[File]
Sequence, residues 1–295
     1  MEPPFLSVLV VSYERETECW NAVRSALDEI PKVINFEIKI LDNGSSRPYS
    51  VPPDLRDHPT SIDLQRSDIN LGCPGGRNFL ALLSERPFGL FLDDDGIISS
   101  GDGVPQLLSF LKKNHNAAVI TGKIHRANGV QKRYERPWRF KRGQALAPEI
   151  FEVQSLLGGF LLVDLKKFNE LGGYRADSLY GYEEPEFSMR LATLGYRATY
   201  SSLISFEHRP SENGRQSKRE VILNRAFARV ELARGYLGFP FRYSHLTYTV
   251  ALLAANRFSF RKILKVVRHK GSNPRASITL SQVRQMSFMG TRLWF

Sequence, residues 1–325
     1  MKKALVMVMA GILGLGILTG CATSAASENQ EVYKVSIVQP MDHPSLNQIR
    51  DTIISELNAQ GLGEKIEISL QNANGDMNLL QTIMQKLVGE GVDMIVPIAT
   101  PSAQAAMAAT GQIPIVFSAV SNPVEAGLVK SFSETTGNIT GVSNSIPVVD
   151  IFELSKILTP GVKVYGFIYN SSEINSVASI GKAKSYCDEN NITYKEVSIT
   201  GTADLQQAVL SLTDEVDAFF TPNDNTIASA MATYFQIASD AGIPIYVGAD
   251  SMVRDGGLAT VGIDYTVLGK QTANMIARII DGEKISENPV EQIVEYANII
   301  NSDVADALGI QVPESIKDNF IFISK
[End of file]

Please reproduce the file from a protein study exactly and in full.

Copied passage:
Sequence, residues 1–295
     1  MEPPFLSVLV VSYERETECW NAVRSALDEI PKVINFEIKI LDNGSSRPYS
    51  VPPDLRDHPT SIDLQRSDIN LGCPGGRNFL ALLSERPFGL FLDDDGIISS
   101  GDGVPQLLSF LKKNHNAAVI TGKIHRANGV QKRYERPWRF KRGQALAPEI
   151  FEVQSLLGGF LLVDLKKFNE LGGYRADSLY GYEEPEFSMR LATLGYRATY
   201  SSLISFEHRP SENGRQSKRE VILNRAFARV ELARGYLGFP FRYSHLTYTV
   251  ALLAANRFSF RKILKVVRHK GSNPRASITL SQVRQMSFMG TRLWF

Sequence, residues 1–325
     1  MKKALVMVMA GILGLGILTG CATSAASENQ EVYKVSIVQP MDHPSLNQIR
    51  DTIISELNAQ GLGEKIEISL QNANGDMNLL QTIMQKLVGE GVDMIVPIAT
   101  PSAQAAMAAT GQIPIVFSAV SNPVEAGLVK SFSETTGNIT GVSNSIPVVD
   151  IFELSKILTP GVKVYGFIYN SSEINSVASI GKAKSYCDEN NITYKEVSIT
   201  GTADLQQAVL SLTDEVDAFF TPNDNTIASA MATYFQIASD AGIPIYVGAD
   251  SMVRDGGLAT VGIDYTVLGK QTANMIARII DGEKISENPV EQIVEYANII
   301  NSDVADALGI QVPESIKDNF IFISK